IBM Buys AptSoft To Boost BPM-SOA Line
IBM officials today announced the acquisition of Burlington, Mass.-based AptSoft Corp., a privately held business event processing software provider.
The acquisition enhances IBM's current business process management (BPM) and service-oriented architecture (SOA) solutions, according to Ed Lynch, product manager and transition executive for IBM's business integration portfolio.
"We see this as completely complementary to what we're doing with SOA," Lynch said in a press conference call. "So this will be extending capability that we already have in our SOA platform and it further helps in the BPM-enabled-by-SOA effort by providing this line-of-business tooling and allowing the line of business to express. So this [acquisition] will show up as a standalone product, but it will be an extension of the portfolio."
AptSoft's technology will be used with some of IBM's WebSphere products, DB2 Real-Time Insight and Tivoli NetCool products, according to a press release announcing the acquisition.
IBM is acquiring AptSoft's runtime and tooling, as well as its team, according to Sandy Carter, IBM's vice president of SOA and WebSphere strategies, channels and marketing. AptSoft currently has about 19 customers, with most in the business-to-business space.
AptSoft's business event processing technology sounds like "complex event processing." However, in response to a question from a member of the press, Carter explained that IBM prefers the former term.
"In the marketplace today, everybody talks about complex event processing," Carter said. "We actually are trying to rename that category, because we believe the real value is in business event processing, with a focus on the business."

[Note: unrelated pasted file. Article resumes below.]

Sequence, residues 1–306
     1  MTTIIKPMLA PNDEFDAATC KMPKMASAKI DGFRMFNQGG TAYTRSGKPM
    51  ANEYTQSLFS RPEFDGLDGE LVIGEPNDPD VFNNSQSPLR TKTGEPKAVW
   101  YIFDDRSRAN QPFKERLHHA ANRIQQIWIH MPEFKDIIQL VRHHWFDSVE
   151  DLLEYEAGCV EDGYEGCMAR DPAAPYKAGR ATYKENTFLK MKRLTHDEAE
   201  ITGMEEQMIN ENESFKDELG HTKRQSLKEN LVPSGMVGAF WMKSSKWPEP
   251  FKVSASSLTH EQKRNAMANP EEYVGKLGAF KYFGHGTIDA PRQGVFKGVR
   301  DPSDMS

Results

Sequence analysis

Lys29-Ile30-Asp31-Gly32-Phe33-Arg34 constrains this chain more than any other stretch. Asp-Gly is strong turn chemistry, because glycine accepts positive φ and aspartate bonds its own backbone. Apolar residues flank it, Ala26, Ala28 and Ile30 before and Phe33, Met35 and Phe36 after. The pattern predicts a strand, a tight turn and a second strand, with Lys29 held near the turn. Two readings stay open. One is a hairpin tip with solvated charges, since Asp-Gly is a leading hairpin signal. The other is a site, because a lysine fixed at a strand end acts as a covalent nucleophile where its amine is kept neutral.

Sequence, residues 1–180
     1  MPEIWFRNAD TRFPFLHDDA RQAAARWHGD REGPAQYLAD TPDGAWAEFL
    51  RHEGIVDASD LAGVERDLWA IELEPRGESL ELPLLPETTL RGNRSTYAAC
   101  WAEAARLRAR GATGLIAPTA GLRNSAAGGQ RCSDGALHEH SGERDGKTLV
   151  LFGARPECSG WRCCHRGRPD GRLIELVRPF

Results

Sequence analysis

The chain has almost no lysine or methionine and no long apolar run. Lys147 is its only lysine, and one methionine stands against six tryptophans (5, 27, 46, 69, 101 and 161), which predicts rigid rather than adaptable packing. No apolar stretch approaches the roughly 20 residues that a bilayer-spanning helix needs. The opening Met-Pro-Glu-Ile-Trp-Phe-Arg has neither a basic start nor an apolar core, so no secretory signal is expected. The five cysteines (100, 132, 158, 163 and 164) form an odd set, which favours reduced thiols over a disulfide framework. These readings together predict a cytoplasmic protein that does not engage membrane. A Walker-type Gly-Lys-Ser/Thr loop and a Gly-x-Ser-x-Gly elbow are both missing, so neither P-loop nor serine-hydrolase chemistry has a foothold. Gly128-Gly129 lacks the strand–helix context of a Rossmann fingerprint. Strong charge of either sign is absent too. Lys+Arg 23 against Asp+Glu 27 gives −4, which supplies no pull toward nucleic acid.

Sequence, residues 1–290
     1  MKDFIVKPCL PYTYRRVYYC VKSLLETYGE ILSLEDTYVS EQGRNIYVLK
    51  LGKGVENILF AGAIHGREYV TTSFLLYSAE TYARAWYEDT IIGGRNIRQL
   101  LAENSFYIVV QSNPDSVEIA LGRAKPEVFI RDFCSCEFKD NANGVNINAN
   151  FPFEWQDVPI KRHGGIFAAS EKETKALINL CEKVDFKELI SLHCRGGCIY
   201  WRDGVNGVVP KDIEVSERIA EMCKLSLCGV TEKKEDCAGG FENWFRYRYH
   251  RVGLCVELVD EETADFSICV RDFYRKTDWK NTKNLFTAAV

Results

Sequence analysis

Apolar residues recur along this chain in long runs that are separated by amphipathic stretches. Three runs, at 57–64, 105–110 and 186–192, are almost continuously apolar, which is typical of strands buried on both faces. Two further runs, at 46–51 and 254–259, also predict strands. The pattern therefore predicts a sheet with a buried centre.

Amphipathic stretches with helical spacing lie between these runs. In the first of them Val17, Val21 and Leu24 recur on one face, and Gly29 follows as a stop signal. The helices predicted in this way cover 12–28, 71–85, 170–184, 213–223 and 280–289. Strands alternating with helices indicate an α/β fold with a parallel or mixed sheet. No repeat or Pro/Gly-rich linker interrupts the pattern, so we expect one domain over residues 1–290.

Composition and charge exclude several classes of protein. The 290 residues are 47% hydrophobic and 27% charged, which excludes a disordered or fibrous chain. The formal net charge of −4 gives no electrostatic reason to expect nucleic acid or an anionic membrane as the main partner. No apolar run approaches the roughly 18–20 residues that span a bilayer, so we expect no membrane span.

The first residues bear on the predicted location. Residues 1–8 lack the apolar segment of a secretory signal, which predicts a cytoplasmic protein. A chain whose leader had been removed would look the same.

AptSoft's former CEO and founder, Frank Chisholm, explained how AptSoft's business event processing solution works.
"It provides the ability for the line of business people (the business analysts and business management groups) to define business events that are actionable business events. To define the correlation of patterns that they want to identify. And then to define the actions that they want to take place as a result of recognizing those patterns."
AptSoft's technology can be used to anticipate price drops in financial markets. It can help spot "unscrupulous activities" in multiplayer online game environments. It can also be used in retail sales to track sales rates, according to IBM's press release.
Chisholm explained that IBM's main interest in acquiring AptSoft was that AptSoft's solutions let business users gain control over defining the actionable events.
"The unique capability, and the excitement that IBM and AptSoft shared, was the instrumentation of defining and managing those definitions," Chisholm said. "And one of the things that AptSoft concentrated on, and that IBM is very keen on, is that interface and the usability of that by the business community."
AptSoft currently provides "the most intuitive tools for business-led authoring and management of event-based rules," according to Carter.
"AptSoft really elevates event processing to the business level instead of at the deep technology level," she said. "Today, typically only engineers understand events, but what we want to do is make sure that the business can leverage these business signals."
Carter added that IBM currently invests about a billion dollars into this particular space, which includes the AptSoft acquisition as well as existing R&D labs in Haifa, Israel and in the United States.
Lynch speculated that the AptSoft technology integration with IBM WebSphere might happen around early summer but that a future roadmap would be disclosed at the next IBM Impact event.
Kurt Mackie is online news editor, Enterprise Group, at 1105 Media Inc.